The 2016 Audi Q7 continues to morph into new permutations even before going on sale in the U.S.
At the 2015 Shanghai Auto Show, Audi will display the Q7 e-tron 2.0 TFSI, a different variant of the plug-in hybrid Q7 e-tron first shown back in December.
While that version of the Q7 features a 3.0-liter TDI diesel V6, this one has a 2.0-liter turbocharged gasoline four-cylinder engine, hence the “2.0 TFSI” designation.
That engine is teamed with an eight-speed automatic transmission, and an electric motor powered by a 17.3-kilowatt-hour lithium-ion battery pack.
Together, the gasoline and electric components provide 367 horsepower and 516 pound-feet of torque, which is sent to all four wheels through Audi’s quattro all-wheel drive system.
The gasoline four-cylinder Q7 e-tron has an identical torque figure to the diesel V6 version, which boasts 373 hp.
Interestingly, Audi says the four-cylinder version is also 0.1 second faster to 62 mph, at 5.9 seconds. Top speed is 136 mph, down 4 mph from the diesel.
Audi says the Q7 e-tron 2.0 TFSI can drive on electric power only for up to 33 miles, and achieve 94.1 mpg when driving as a hybrid. However, these figures are based on Chinese testing standards, which are different from the procedures used in the U.S.
Aside from the powertrain, this Q7 is identical to the rest of the redesigned 2016 lineup. That means it’s packed with tech, including a “virtual cockpit” display and the latest version of Audi’s MMI infotainment system, both with hybrid-specific features.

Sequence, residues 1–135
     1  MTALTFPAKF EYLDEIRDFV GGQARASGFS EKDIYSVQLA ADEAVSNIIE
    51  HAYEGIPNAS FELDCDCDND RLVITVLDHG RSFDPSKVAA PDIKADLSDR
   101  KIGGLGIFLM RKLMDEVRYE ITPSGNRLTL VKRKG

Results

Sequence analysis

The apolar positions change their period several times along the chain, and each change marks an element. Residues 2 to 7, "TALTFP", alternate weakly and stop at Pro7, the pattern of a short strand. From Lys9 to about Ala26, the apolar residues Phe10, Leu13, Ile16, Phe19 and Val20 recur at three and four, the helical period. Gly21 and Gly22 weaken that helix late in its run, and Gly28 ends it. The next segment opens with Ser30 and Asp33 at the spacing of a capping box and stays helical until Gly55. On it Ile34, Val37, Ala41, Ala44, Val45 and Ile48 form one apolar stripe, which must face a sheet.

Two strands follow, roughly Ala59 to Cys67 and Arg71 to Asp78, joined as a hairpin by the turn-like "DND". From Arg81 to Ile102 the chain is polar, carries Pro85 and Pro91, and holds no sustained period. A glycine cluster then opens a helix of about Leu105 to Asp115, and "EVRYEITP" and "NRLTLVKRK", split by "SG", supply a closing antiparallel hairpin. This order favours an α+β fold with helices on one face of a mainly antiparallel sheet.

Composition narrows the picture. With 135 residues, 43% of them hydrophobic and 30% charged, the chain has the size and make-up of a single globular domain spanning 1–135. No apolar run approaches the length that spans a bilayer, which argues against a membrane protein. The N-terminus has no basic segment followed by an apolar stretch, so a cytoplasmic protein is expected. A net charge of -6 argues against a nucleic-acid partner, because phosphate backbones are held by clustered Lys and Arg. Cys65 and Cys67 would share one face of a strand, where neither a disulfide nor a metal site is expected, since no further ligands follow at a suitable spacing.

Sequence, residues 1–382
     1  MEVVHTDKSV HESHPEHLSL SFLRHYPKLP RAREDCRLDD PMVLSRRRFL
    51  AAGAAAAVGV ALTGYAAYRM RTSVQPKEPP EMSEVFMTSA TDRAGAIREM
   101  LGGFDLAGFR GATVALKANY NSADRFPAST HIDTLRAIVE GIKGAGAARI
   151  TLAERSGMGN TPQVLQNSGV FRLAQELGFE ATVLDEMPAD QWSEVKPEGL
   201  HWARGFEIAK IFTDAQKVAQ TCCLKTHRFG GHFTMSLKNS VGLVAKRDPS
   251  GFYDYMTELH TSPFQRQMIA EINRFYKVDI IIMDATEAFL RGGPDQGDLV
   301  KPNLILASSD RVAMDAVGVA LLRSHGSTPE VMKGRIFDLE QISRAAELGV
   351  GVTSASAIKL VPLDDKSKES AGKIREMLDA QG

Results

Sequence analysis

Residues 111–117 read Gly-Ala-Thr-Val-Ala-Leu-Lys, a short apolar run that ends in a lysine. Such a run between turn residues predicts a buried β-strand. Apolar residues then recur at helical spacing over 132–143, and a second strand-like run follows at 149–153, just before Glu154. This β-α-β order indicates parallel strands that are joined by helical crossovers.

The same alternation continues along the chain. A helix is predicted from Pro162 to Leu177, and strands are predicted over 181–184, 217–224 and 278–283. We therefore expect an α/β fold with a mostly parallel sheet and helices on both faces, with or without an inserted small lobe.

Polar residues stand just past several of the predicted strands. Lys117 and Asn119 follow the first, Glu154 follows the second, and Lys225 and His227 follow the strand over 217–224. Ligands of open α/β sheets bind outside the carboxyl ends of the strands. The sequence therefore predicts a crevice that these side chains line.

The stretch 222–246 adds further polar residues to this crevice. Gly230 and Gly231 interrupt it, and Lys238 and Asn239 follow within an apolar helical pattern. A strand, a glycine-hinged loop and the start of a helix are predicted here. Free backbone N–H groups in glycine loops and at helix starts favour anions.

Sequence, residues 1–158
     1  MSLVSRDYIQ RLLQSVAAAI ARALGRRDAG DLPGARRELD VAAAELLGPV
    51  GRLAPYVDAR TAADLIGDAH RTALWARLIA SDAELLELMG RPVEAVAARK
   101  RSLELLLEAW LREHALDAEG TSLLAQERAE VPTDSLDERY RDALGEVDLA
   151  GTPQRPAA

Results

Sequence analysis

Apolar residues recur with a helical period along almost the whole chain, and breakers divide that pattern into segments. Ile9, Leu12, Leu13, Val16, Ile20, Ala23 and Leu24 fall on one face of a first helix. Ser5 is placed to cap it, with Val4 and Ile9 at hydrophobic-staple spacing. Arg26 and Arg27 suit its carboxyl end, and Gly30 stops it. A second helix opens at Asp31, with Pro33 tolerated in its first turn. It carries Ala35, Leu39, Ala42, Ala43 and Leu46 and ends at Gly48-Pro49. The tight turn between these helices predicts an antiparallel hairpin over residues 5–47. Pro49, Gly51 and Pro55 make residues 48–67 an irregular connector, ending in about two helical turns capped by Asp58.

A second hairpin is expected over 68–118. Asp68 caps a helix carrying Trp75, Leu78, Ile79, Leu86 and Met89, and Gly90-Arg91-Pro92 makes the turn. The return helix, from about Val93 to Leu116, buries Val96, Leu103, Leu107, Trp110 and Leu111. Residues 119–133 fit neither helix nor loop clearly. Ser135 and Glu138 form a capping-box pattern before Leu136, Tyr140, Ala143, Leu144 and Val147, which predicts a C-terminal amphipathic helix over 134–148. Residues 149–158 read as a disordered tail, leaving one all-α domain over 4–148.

The infotainment features are based on Audi’s new modular platform, and includes an NVIDIA Tegra 30 graphics chip.
Bose or Bang & Olufsen 3D sound systems are also available as options, as is the “phone box,” a wireless charger that also connects a phone to an external antenna for better reception.
All of these features will be available on the 2016 Q7 when it launches in the U.S. later this year, but the four-cylinder plug-in hybrid powertrain won’t.
The Q7 e-tron 2.0 TFSI will only be sold in Asian markets, including China, Singapore, and Japan.
And Audi won’t sell the 3.0-liter diesel V6 version of the Q7 e-tron in the U.S. either.
The company previously indicated that the diesel will be sold in Europe only, but that it will bring the plug-in hybrid Q7 to the U.S. in some form.
Audi will presumably swap out the four cylinder for another gasoline engine, perhaps a larger one to better suit American buyers’ taste for displacement.